Fielding Complaints About Fees
July 1, 2014
by Beverly Flaxington
We are investment managers and believe in talking to our clients about the markets. I read a lot about how relationship building is the most important part of the business. But when it comes down to it, if we have a great relationship with clients but don’t make good investment decisions, we aren’t being fiduciaries. Clients hire us to invest – they can hire a therapist for the soft stuff. I would not expect you to agree given what you write about, but isn’t there a point to what I am saying?
Yes and no. I do agree with you completely on one point: Clients hire you to invest well on their behalf (or to create financial plans that they can use), and it is critical you possess the skill to do this. I would not want someone who is a licensed therapist, for example, to invest on my behalf — unless that person was also a financial planner. It’s a basic requirement for your profession that you understand financial matters and the markets. Some advisors are planning-focused, some are investment-focused and some do both. But ultimately, clients are coming because they want to entrust their financial well-being to a professional.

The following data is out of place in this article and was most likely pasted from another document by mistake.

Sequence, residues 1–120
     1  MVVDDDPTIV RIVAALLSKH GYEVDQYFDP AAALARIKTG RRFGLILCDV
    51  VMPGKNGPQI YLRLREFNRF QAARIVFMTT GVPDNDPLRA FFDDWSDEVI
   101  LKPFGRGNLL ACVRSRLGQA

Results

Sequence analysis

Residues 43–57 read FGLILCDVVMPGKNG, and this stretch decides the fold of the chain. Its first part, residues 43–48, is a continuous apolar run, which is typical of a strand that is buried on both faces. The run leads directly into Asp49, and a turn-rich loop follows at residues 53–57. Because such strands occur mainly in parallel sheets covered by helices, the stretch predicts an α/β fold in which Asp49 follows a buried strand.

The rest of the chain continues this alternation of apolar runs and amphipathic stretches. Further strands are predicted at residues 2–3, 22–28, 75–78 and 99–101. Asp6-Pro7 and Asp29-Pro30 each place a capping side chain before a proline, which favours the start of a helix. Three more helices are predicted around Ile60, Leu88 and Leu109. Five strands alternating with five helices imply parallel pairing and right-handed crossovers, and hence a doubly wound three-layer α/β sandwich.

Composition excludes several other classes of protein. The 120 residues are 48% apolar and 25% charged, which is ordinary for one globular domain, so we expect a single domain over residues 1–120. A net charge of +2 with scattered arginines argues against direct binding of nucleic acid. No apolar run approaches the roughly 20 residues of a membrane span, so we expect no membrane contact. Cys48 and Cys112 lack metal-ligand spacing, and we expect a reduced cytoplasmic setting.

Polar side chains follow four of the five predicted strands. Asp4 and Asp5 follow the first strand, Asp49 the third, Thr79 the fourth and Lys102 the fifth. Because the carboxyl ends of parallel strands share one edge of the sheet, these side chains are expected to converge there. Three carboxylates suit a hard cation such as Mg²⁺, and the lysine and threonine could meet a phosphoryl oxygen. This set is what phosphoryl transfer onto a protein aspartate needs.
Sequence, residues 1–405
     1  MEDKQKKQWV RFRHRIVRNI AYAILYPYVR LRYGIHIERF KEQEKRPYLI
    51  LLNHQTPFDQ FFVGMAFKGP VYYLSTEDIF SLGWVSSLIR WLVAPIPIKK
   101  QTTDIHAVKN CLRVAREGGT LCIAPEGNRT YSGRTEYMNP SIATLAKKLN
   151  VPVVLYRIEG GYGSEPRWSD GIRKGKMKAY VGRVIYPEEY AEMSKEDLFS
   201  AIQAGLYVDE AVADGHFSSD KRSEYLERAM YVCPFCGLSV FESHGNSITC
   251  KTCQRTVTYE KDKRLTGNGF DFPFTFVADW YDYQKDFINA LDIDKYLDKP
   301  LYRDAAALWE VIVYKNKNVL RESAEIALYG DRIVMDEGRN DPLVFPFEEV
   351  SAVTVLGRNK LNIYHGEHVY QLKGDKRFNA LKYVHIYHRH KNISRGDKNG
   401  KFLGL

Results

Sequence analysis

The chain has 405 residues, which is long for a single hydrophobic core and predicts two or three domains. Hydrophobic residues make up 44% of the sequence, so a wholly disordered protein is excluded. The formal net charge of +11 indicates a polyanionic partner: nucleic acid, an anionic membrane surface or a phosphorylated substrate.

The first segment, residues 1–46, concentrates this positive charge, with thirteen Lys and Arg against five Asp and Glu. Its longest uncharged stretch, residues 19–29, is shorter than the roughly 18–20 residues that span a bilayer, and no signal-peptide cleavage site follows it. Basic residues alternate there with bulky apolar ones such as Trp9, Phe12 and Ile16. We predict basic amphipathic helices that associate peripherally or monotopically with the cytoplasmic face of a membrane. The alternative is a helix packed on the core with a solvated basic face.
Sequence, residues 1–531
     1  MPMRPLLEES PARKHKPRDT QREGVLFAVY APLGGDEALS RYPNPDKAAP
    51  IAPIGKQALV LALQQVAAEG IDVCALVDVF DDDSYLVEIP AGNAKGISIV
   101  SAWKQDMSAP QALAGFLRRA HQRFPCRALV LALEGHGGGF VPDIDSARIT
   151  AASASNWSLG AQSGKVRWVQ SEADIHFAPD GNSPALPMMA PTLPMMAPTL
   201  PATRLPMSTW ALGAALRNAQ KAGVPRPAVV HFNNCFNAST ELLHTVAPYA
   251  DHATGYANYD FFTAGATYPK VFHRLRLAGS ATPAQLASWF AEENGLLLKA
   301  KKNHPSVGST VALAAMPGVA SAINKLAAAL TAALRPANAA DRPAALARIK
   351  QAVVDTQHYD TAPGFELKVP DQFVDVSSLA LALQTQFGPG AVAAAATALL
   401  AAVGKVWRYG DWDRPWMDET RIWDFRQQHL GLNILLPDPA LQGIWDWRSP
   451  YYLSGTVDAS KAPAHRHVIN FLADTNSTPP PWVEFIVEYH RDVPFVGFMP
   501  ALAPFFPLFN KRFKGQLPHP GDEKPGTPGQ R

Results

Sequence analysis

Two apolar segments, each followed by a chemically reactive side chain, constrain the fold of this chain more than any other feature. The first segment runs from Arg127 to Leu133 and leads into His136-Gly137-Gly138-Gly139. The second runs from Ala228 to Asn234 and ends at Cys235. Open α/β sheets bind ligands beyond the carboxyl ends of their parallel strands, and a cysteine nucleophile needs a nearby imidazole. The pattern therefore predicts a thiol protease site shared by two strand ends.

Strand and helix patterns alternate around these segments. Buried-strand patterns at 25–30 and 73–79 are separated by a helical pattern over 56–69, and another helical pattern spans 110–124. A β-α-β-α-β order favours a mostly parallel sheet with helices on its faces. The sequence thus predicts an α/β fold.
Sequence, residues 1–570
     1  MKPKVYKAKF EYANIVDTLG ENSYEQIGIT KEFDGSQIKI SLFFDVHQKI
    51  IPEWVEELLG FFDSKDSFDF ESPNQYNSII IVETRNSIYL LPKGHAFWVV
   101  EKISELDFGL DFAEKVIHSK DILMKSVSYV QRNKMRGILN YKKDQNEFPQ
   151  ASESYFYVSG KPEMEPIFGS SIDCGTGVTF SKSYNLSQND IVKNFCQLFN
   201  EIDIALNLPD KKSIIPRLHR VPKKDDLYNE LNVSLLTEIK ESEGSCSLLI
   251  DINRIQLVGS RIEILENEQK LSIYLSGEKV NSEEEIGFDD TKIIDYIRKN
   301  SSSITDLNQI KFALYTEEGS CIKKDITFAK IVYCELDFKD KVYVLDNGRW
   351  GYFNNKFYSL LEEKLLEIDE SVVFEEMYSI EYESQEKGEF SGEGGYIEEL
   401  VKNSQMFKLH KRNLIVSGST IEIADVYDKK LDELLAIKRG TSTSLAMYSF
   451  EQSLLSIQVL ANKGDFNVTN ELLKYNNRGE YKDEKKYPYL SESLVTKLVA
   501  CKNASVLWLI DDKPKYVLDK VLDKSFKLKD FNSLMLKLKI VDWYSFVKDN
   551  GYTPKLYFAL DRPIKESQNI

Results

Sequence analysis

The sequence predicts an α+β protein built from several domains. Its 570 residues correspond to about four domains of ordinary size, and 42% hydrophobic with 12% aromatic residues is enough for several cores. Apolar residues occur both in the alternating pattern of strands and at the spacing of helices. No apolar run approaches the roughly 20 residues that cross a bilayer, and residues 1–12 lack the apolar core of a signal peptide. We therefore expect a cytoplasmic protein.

That said, money – for most of us – is the next most-intimate topic after our health and our children. And for some people, it may rate higher! It’s an emotional topic and a personal topic. I don’t see how you can learn about clients’ goals and help them navigate the financial issues in their lives without have a relationship with them. Many advisors who have backgrounds in psychology, therapy or social work tell me these views are invaluable, because they never know just what a client might bring up.
So I don’t believe financial management and relationship building are as inseparable as your note implies. I think one is the technical, required competence that is a must-have and the other is a people-focused orientation that is also a must-have.
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